Then there is AT&T, fresh off of its failed attempt to acquire T-Mobile. After regulators scuttled that deal, the nation's second-largest wireless provider can be expected to turn to other sources to pad its own stock of spectrum. Analysts with Stifel Nicolaus speculated that the "moderately desperate" AT&T could next turn to satellite provider Dish Network, either in an outright acquisition bid or a more limited deal to purchase spectrum. They also noted that with the T-Mobile deal off the table, AT&T is likely to press lawmakers even harder to enact legislation authorizing new spectrum auctions.
2. Piracy - SOPA and Protect IP Act Take Center Stage
Perhaps the most controversial issue set to take the stage early in 2012, efforts to crack down on websites that trade in the flow of pirated content will again be the subject of heated debate.
Under the Stop Online Piracy Act, or SOPA, which is currently in the middle of a markup in the House Judiciary Committee, the Department of Justice would be authorized to seek a court order against a so-called rogue foreign website, one "primarily dedicated" to trafficking in stolen intellectual property, such as pirated movies, music or software, or knock-off pharmaceuticals. With that order in hand, Justice could direct Web players such as search engines, Internet service providers, ad networks and payment processors, to sever ties with the overseas site, removing visibility and access while choking off financial support.
Members of the Judiciary Committee spent two full days in December marking up SOPA, considering some 24 amendments. About 60 amendments had been filed ahead of the markup, according to Kim Smith, a spokeswoman for the committee majority. Smith confirmed that the markup will resume "when we return from recess."
A similar but somewhat more limited bill is awaiting consideration before the full Senate. The Protect IP Act cleared the Senate Judiciary Committee in May, and is scheduled next to come up for consideration Jan. 24.
The anti-piracy legislation has set in motion a heated battle between backers of the bills such as the movie and music industries and Web firms such Google and Facebook, who along with open Internet advocates argue that the inevitable result of expanded judicial oversight of the Web, especially when implemented at the behest of commercial interests such as Hollywood, will be a dragnet that will shutter legitimate websites. An alternative measure, dubbed the OPEN Act, which would place the disposition of copyright infringement claims against foreign sites under the purview of the U.S. International Trade Commission, has emerged in the House and Senate.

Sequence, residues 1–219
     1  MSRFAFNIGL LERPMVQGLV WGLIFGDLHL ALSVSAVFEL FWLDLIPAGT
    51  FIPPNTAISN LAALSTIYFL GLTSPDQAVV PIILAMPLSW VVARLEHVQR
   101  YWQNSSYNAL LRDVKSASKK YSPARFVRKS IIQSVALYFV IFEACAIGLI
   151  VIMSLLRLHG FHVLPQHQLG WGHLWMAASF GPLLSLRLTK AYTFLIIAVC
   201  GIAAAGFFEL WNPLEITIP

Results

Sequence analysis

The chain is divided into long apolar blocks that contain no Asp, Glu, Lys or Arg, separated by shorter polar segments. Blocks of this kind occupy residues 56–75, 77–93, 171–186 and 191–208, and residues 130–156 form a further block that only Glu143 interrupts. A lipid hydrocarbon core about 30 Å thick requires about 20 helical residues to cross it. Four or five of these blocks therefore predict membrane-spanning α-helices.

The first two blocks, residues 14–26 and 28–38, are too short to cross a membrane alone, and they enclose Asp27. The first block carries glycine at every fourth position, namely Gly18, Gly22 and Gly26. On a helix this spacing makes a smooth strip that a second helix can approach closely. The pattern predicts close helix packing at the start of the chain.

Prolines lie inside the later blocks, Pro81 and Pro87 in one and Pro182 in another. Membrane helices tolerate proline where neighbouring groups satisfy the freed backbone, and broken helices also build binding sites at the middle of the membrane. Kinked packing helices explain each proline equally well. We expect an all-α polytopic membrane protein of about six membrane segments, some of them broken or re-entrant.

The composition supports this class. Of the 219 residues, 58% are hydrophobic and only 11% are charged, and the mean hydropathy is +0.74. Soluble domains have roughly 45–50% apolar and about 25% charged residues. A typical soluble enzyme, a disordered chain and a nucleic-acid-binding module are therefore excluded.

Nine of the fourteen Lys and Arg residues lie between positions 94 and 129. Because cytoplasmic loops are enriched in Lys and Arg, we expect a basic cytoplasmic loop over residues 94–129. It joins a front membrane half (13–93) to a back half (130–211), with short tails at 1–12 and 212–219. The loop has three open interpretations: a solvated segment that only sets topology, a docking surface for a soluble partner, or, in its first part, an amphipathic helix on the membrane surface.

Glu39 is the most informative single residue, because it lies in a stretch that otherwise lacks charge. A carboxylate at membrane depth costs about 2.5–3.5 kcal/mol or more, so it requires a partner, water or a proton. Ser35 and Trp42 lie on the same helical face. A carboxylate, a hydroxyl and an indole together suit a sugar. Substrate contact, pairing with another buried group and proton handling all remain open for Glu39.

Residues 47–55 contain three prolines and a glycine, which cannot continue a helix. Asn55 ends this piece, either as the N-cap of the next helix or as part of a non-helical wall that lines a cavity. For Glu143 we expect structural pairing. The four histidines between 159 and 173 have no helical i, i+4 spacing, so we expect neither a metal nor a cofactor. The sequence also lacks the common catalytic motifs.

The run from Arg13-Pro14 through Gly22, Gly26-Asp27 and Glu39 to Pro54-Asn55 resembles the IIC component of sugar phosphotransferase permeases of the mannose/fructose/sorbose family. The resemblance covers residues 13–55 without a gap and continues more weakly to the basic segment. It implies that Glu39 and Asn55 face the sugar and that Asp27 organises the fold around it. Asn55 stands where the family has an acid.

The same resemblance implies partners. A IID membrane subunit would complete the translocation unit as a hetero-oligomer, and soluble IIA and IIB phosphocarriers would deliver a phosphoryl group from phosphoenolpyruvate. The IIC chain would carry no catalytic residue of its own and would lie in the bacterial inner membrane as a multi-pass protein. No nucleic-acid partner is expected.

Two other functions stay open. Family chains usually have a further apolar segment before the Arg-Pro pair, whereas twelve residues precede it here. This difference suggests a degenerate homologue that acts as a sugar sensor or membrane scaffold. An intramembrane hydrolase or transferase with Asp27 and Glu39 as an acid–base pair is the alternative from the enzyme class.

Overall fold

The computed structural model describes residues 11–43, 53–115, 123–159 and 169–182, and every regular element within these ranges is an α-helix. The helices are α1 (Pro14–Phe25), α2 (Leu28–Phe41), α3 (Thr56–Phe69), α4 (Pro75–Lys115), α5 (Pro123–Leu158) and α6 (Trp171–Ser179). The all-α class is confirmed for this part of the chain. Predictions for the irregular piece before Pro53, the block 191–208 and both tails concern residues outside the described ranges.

Both SOPA and the Protect IP Act have racked up significant bipartisan support, and are backed by powerful lobbies with deep pockets, including the Motion Picture Association of America, a leading proponent, as well as the U.S. Chamber of Commerce and the AFL-CIO.
In addition to Google and Facebook, with their relatively small but expanding presence in Washington, open Internet advocacy and consumer rights groups such as the Electronic Frontier Foundation and Public Knowledge have been working to galvanize opposition, raising warnings that the measures would lead to censorship of legitimate content and pose threats to the security of the domain name system. Sen. Rand Paul (R-Ky.) has attached his name to a petition drive opposing the legislation. Google Executive Chairman Eric Schmidt recently warned that the bill would effectively "criminalize linking and the fundamental structure of the Internet itself," rhetoric that supporters of the legislation have dismissed as overblown.
Smith provided a "myth v. fact" sheet that insists that under the bill the Justice Department -- and it alone -- would be able to secure an injunction against a site only after making its case before a judge, and that only foreign sites whose primary mission was the distribution of infringing content would be targeted, leaving sites such as Facebook, Twitter and YouTube unaffected. Moreover, the bill's backers charge that Google has a vested interest in opposing the bill for profiting from the traffic (and attendant ad revenue) that the infringing sites generate.